Protesters shout slogans during a rally, demanding equal inheritance rights for women, in Tunis, Tunisia August 13, 2018. photo rights reserved to REUTERS/Zoubeir Souissi

Inheritance equality for women in Tunisia: A step forward to end the patriarchal community

Since 1956, Tunisia has been at the forefront of Arab-Muslim countries in the field of women’s rights.

With the adoption of the “personal status code”, August 13, 1956, abolishing polygamy, strengthening the position of women in the Tunisian community … But not touching to equality in inheritance case.71 years later , total equality between women and men is not yet reached.

Equality in inheritance is a key question in the history of Tunisia because, in view of the active participation of women in all areas of the country’s social and economic life, taking into account also the progress made and achieved in the field of equality between men and women, but especially since 2014’s Constitution, equality has become a requirement that can no longer be deferred

Since 2017’s summer , the momentum for the rights of Tunisian women seems to be revived. In January, a law against violence against women, passed six months earlier, came into force, broadening the scope of offenses considerably: Moral violence, economic exploitation or harassment is now subject to the law.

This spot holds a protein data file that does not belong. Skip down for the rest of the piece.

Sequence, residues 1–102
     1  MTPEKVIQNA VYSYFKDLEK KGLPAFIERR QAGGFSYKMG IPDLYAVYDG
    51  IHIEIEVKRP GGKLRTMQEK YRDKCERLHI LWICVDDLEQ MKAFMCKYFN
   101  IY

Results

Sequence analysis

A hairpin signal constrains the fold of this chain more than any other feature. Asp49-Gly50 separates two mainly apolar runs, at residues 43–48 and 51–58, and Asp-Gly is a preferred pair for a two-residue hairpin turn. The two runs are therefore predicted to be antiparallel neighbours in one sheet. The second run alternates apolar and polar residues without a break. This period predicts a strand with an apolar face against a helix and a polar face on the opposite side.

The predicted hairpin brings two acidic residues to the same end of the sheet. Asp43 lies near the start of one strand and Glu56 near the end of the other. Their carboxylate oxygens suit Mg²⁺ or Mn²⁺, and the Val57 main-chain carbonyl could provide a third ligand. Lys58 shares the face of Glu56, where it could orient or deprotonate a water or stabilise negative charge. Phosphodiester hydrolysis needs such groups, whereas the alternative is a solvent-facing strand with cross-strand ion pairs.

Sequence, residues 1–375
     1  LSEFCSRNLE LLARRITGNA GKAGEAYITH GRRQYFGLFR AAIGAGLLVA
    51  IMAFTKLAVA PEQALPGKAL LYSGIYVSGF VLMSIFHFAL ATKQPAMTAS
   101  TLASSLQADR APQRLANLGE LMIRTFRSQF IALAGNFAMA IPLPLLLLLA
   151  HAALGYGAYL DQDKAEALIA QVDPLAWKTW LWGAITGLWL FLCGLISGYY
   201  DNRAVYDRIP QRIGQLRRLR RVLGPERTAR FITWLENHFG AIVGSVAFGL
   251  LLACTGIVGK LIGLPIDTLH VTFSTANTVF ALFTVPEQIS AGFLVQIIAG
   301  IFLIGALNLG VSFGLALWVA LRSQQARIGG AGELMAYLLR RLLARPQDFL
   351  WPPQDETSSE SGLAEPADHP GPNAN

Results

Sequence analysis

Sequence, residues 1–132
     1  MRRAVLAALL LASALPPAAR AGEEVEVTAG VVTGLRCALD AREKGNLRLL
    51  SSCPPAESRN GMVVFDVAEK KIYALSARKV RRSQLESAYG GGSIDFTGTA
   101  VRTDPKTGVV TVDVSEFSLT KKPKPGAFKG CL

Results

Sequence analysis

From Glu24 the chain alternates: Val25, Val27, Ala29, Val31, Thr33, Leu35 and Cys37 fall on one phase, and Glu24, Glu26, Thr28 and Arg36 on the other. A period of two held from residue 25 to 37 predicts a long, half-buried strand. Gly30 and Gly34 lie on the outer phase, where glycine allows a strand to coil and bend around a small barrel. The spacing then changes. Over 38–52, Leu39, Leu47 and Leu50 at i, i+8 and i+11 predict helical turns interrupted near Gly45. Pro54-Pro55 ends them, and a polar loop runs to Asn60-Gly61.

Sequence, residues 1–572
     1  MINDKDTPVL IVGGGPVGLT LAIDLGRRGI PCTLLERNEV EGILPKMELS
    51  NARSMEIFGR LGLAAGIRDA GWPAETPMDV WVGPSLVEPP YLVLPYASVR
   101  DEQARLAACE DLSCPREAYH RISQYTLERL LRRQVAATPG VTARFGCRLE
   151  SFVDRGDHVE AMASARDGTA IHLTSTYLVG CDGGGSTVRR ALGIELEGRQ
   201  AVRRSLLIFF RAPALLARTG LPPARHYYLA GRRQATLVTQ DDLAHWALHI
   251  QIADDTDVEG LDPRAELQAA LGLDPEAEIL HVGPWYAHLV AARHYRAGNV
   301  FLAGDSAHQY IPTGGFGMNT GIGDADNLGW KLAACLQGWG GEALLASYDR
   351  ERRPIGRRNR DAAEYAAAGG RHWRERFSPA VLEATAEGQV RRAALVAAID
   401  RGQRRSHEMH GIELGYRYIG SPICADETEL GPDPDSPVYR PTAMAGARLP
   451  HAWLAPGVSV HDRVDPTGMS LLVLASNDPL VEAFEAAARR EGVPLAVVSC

The condition of parity included in the electoral code has, moreover, forced the political parties to seek many women for the last municipal elections of 2018, including as top of the list.

And since September, Tunisian women are free to marry non-Muslims, after the repeal of circulars deemed discriminatory by the Minister of Justice.

Rights related to inheritance, which regulate the transmission of goods to one or more heirs on the death of the owner, constitute an important stake for the equality between women and men, Created on August 13, 2017, by the president of the republic, COLIBE, the Committee on Liberties and equality, had for mission to contribute to the state of freedoms and equality in Tunisia through the preparation of a draft reform and law in accordance with the requirements of the 2014 Constitution and international human rights standards. The bill should be presented to the tunisian parliament members at the end of the parliamentary recess october 2018.